Workforce shortages mandate new welding equipment provide more intelligent control to perform quality and precision welding operations by a workforce that has a less experienced skill set.
In order to address the problem of the reduced availability of skilled welders, advanced welding systems increasingly offer more welding skill “built-in” in terms of control and monitoring means to produce consistent, quality weld results.
Companies can now choose advanced mechanized, multiprocess welding systems that deliver maximum economic return through increased performance, less training, and accurate and repeatable welds, while providing increased operator safety with reduced fumes and spatter.
To get you up and running quickly, the programmable weld controller should provide a library of default weld programs that can be used as is, modified or replaced by your custom programs. For multiple welding operation workplaces, programs should be easily transferable between machines.
The need for improved operator safety has led to stringent OSHA requirements for hexavalent chrome fumes that have included strict monitoring and often welding in full-face masks. Some systems offer sophisticated, patented circuitry and hardware configurations that enable out-of-position welding of stationary pipe using modified waveforms that significantly reduce smoke and spatter and facilitate compliance with weld safety procedures.
You should look for these distinct advantages for increased ease-of-use and time-saving features:
- A weld head that can switch between weld processes in minutes.
- An easy-to-use, ergonomic pendant control.
- Programs from remote personal computers can be emailed and transferred via USB.
- Instruction lines that can be modified during program execution and record those changes without stopping the running weld sequence.
- Three control modes (degree, time and distance) with accuracy that permits weld parameter settings as precise as one-hundredth of a degree or second, or one-thousandth inch of weld head travel or oscillation.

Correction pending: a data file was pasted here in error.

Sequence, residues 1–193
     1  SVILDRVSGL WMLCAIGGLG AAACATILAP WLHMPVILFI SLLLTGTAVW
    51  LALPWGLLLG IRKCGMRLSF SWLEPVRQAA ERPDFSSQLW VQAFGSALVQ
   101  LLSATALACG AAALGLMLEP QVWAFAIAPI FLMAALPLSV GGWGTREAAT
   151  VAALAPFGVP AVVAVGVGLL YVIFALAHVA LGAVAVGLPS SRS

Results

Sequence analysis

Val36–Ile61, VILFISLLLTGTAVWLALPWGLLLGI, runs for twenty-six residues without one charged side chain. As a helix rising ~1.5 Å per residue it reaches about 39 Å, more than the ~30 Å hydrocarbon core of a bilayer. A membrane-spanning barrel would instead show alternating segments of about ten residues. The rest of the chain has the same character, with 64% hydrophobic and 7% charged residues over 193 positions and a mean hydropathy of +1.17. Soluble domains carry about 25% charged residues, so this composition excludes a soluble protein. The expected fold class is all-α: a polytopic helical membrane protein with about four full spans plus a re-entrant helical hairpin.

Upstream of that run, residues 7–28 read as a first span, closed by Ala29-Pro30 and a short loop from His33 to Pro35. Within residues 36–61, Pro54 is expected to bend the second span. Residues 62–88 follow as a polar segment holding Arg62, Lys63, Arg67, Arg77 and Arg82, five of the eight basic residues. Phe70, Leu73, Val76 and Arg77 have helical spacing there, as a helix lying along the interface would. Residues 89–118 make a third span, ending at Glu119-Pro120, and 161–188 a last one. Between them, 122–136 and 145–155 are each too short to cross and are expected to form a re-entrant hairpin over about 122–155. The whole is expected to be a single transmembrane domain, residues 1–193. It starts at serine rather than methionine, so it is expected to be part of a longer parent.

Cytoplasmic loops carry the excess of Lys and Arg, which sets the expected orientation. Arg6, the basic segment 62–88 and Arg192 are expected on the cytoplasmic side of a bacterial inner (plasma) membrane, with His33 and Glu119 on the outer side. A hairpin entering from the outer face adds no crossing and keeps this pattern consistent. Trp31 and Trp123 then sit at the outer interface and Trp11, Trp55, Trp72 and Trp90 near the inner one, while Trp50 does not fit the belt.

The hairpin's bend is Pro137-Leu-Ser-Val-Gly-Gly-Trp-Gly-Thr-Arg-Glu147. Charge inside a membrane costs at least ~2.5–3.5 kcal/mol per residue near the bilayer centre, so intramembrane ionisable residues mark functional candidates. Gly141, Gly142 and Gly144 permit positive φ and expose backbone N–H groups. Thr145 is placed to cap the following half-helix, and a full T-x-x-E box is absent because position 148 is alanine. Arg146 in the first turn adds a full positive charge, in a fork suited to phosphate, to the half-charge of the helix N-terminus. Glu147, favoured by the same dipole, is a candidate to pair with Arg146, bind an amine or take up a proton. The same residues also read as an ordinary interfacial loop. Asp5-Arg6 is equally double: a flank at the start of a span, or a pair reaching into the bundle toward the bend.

- Automatic torch height control without close monitoring by the operator. When performing metal inert gas and flux-cored arc welding, automatic torch height control frees the operator to perform other actions without experiencing loss of shielding gas and the resulting porosity problems that might occur.
- Real-time data logging that “learns” your inputs and fine tunes the program for your specific weld situation. While one operator is performing a weld operation, another operator can be loading and setting up the next weld program while the first program executes for maximum efficiency in production environments.
- Program lines that run sequentially and end lines of code that trigger the next programmed sequence so a complete weld can run from root pass to finished cap as a single operation.
- Weld caps that can be programmed for extremely consistent increments with digital control so the deposition of the final beads leave a minimum of weld surfacing for preservice and in-service inspection, which saves significant time.
The intuitive ease of operation and shorter learning curve of these mechanized welding systems mean more operators than ever before can produce superior, repeatable welding results with less experience.
The performance, versatility and programmability of a multiprocess weld system means it can perform orbital welding, plate welding and large diameter vessel welding when configured with corresponding track mounting.
Cultural and occupational trends may need to change to eliminate the critical shortage of certified, experienced welders. But the increase in welding equipment that provides the level of logic and programmable flexibility to ensure all welders can produce quality, repeatable welding results crucial to so many industries is on the rise.
For more information, visit www.tritool.com or call (800) 345-5015.